Check all the Clans that have DNA Projects. If your Clan is not in the list there's a way for it to be listed. Electric Scotland's Classified Directory An amazing collection of unique holiday cottages, castles and apartments, all over Scotland in truly amazing locations.

The New Statistical Account of Scotland (1845)
Volume XII - Aberdeen
Parish of Monquhitter


PRESBYTERY OF TURRIFF, SYNOD OF ABERDEEN.
THE REV. HUGH GORDON, MINISTER.

I.—Topography and Natural History.

Name. —The name Monquhitter signifies the place for ensnaring the deer, and was derived from the farm on which the church was originally built.

Extent, &c.—From east to west, the parish extends about 8 miles, and from south to north, about 10 miles. It is bounded on the east, by the parish of New Deer; on the north, by King-Edward ; on the west, by Turriff and Fyvie; and on the south, by Fyvie and Methlick. The surface is generally of an undulating and monotonous character. The hills present a bleak and barren appearance. Nevertheless, they are of much value in their present state, from the great abundance of excellent peat fuel which they supply to the neighbourhood, and more especially, as the nearest sea-port, Macduff, from which coals can be procured, is, from some parts of the parish, upwards of twenty miles, and, upon an average, fifteen miles distant.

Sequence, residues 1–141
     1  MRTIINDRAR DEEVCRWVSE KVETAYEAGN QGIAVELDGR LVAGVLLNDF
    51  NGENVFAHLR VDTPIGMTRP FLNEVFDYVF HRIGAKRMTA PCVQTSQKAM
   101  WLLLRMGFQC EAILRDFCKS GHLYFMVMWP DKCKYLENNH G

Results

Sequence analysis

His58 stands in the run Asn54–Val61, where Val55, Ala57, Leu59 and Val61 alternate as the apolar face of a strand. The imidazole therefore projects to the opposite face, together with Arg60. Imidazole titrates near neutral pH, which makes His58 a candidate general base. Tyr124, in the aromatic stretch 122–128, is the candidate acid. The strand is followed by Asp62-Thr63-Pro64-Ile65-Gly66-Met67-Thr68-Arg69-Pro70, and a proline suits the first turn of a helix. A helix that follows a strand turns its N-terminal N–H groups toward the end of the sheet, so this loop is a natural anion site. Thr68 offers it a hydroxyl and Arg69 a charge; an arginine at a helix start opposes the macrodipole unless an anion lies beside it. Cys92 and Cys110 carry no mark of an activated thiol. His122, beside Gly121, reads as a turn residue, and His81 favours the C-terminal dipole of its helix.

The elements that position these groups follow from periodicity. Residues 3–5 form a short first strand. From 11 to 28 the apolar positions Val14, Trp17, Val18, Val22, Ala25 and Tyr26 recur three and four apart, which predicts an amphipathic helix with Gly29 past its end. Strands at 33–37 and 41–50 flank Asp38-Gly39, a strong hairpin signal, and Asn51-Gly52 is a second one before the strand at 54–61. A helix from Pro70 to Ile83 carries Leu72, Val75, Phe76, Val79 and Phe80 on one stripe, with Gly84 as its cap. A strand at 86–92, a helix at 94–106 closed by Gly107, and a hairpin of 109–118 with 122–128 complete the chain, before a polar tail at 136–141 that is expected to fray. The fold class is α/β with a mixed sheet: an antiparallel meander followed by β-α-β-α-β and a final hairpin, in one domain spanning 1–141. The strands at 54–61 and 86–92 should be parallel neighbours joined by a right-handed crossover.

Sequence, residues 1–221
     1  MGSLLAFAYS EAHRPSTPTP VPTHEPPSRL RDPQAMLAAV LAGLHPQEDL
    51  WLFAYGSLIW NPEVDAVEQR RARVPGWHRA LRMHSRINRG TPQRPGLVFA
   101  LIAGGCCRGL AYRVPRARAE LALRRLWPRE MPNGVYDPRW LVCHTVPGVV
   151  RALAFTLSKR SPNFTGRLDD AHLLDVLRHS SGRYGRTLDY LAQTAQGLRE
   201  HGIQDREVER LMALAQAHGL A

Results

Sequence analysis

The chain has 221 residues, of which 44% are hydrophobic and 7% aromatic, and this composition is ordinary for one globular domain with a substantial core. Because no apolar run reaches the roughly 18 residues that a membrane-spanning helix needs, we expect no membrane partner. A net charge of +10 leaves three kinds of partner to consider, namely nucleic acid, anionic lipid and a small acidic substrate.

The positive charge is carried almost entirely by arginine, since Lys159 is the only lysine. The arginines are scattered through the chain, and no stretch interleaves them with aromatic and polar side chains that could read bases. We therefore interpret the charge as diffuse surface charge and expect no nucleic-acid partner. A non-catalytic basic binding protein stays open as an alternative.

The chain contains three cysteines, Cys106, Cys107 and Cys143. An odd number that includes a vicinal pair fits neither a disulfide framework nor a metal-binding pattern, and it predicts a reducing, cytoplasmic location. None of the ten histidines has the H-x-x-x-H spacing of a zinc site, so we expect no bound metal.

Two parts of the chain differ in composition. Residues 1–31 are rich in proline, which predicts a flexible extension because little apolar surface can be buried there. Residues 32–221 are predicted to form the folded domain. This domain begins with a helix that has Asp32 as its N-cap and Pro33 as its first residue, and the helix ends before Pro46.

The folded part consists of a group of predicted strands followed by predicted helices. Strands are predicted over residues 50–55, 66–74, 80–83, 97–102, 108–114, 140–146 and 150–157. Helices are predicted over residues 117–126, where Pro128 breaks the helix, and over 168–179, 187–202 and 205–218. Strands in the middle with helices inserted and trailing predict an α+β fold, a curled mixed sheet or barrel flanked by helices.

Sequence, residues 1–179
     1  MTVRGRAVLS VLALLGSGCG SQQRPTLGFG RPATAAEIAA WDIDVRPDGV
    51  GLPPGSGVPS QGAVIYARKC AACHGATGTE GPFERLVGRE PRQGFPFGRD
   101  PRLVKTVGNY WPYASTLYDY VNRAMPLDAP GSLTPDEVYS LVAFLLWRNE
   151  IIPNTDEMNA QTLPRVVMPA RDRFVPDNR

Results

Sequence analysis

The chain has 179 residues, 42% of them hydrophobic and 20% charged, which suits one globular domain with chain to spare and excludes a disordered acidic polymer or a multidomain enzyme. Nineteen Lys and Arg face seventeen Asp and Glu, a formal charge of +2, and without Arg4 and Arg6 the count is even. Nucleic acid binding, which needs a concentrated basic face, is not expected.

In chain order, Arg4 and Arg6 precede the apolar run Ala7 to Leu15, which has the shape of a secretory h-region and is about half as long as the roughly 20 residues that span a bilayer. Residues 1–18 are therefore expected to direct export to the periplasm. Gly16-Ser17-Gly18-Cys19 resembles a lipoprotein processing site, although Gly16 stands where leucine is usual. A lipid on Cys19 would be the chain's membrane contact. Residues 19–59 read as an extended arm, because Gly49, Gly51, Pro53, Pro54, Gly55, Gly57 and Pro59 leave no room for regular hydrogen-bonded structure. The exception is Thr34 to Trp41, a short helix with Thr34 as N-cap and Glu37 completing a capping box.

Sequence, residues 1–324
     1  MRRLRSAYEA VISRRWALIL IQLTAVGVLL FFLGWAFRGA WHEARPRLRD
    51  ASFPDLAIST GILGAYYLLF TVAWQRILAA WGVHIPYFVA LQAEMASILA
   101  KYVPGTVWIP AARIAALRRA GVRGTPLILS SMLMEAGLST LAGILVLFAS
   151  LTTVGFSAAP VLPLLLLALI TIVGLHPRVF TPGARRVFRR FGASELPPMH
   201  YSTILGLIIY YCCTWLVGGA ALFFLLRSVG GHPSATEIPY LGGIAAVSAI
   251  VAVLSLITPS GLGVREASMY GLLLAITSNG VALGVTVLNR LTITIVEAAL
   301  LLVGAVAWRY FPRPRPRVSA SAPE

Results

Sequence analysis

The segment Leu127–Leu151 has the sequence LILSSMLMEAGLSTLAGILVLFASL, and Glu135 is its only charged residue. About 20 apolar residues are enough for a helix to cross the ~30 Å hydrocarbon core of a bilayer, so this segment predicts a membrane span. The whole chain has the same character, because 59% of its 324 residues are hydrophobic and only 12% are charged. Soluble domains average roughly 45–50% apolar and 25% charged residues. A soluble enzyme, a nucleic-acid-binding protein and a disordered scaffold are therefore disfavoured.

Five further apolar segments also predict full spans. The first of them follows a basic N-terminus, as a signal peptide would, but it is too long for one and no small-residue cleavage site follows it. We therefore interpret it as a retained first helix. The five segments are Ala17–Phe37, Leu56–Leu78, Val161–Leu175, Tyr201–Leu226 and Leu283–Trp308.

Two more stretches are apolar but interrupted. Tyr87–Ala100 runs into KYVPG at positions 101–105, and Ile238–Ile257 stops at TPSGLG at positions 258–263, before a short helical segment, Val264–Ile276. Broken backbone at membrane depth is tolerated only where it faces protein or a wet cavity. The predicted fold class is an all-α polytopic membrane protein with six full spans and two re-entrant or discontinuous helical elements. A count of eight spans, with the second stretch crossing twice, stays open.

It is much to be regretted that so little has been done in this district, of the country in the way of planting. There are numberless spots which would appear to be particularly adapted for the growth of wood, and which are of little value for cultivation, where not a tree has been planted.

As there is a great extent of mossy and swampy ground in this parish and neighbourhood, it might have been expected that the atmosphere would have been much impregnated with damp, and consequently insalubrious; but, on the contrary, the air of Monquhitter is pure and healthful, and unquestionably the climate has been greatly ameliorated by the agricultural improvements which have taken place within the last forty or fifty years.

A species of scarlet fever, accompanied with violent sore throat, has much inflicted this and some of the neighbouring parishes, and has been known, at times, to carry off two, three, and even four in a family in the course of a few days.

Hydrography.— Monquhitter is watered by two small rivers, which receive the tribute of numberless and copious springs. The one of these, called the water of Assleed, runs in a southerly direction, separates Monquhitter from the parishes of New Deer and Methlick, and discharges itself into the river Ythan. The other, called the Water of Idoch, gives its name to the vale of Idoch. It passes within a short distance of the parish church and the village of Cuminestown, and runs in a westerly direction to the parish of Turriff, where it assumes the name of Dara, and falls into the river Doveron, at the village of Turriff. These streams still abound with delicious small trout of the common kind, and, although by no means so plentiful as in former times, in consequence of the extensive use of lime in agricultural operations, they still afford excellent sport to the angler,—the banks being in all places open and accessible.